As more of our family members and friends have joined in, we’ve found ever bigger houses to rent through the Cape May Times or the CapeMayRentals.com. The best places are available in the fall, for the following summer, but last-minute bookings are still available. If all goes well, you’ll most likely get dibs on the place the following year.
That hasn’t always happened, with the owners deciding to come themselves that week, or rent to another family.
We’ve moved around a bit since 2002, getting a sense of the Cape May market. First it was the Hedgehog House at 811 Sewall Ave., a three-story green Victorian right next door to the place my cousins have rented. Then it was around the corner at Franklin’s Key.
We loved 20 Queen Street, just a block from the beach, with its fabulous wraparound porch that had awnings providing so much privacy it was almost as if you had another room. It rents for $6,650 in early August.
We did a year at 200 Madison – all air-conditioned, with a glassed-in front-porch and dining room big enough for 18. It’s $6,100 a week in early August, but dips to $3,700 a week in September.
Then came the Victorian Angler, at 809 Kearney Avenue, where we’ve stayed for the past several years, with eight bedrooms, 3.5 bathrooms, and an outdoor shower that’s the best place to wash off after a day at the beach or afternoon of family doubles at the Cape May Tennis Club.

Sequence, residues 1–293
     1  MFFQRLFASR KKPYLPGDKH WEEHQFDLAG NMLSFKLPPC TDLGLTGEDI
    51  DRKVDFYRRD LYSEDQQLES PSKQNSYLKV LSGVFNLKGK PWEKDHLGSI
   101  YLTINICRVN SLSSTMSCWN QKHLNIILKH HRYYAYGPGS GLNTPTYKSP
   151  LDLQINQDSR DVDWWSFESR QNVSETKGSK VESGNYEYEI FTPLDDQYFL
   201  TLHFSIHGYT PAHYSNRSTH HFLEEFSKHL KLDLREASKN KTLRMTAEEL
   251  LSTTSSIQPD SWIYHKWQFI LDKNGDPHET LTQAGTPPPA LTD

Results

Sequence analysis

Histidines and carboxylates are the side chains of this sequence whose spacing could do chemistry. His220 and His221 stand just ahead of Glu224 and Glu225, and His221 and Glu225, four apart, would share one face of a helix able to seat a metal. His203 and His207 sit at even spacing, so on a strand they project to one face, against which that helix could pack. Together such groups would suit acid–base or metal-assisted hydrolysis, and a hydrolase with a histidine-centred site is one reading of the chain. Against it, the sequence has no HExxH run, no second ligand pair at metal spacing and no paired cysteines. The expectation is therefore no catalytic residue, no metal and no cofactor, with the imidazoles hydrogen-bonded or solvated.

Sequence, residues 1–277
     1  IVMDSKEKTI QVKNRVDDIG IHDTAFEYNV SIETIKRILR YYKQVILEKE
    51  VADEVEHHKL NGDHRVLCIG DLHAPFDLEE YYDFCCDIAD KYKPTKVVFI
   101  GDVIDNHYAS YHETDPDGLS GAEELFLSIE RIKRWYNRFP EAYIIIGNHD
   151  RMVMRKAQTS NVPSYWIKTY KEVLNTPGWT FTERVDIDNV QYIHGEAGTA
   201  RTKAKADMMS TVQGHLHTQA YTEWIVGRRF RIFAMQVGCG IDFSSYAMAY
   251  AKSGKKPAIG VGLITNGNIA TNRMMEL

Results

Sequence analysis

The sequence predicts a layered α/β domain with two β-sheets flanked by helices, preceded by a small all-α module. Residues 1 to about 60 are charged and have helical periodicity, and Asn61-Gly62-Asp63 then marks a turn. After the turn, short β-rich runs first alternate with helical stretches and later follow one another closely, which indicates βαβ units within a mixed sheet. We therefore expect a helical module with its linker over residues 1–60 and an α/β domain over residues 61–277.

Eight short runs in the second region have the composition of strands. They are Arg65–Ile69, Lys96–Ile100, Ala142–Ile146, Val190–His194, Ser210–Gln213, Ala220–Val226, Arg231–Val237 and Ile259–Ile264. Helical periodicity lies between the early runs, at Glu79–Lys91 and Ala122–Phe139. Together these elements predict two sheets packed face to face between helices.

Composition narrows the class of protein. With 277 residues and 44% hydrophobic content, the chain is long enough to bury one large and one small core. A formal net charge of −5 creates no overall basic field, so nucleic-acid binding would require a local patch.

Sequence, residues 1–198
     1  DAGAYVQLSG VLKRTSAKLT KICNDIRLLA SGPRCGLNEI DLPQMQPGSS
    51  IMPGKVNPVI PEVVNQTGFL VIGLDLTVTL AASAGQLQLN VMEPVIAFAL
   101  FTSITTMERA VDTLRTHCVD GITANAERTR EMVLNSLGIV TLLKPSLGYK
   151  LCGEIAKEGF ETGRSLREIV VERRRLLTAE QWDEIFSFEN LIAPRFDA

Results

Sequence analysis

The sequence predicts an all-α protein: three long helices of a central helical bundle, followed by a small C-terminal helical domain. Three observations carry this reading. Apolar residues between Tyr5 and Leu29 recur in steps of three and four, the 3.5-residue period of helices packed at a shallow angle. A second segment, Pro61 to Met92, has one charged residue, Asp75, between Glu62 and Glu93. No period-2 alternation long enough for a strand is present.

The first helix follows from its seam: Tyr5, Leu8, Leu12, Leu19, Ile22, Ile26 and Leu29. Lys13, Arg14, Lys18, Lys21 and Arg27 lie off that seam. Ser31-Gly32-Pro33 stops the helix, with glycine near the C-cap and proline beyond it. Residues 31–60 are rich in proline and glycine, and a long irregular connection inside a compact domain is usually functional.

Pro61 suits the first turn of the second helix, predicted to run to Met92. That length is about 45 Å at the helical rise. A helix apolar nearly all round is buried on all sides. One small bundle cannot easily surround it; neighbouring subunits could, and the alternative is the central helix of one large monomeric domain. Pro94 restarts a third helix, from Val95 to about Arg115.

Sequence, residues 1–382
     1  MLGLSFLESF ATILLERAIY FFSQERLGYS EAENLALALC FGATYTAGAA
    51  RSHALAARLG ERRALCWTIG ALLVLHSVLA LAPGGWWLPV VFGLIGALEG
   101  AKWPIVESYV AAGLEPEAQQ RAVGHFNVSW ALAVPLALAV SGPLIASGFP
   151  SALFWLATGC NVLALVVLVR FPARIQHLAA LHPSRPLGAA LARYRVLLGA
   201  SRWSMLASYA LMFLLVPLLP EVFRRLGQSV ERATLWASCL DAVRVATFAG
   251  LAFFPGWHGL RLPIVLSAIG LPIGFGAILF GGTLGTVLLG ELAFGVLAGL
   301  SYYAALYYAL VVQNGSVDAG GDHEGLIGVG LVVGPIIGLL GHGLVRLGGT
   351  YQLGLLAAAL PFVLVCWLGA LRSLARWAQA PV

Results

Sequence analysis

Most evenings, we gather on the front porch to catch up, partake in that evening’s signature cocktail and partake in lawn games out front – be it tossing bean bags in Corn Hole, or flinging Frisbees to score points in Kan Jam.
Then its dinner, with one family in charge of cooking that night, with a feast that could begin with raw oysters or smoked bluefish from the Lobster House.
For Cape May, the Victorian Angler is a great value, at $4,000 a week. We’ve paid more than $6,000 for previous houses, but they all had air-conditioning. The Angler, staying true to its Victorian roots, has no summer-time cooling, except for the fans in each of the bedrooms and the cool Atlantic breeze off the Atlantic, just two blocks away.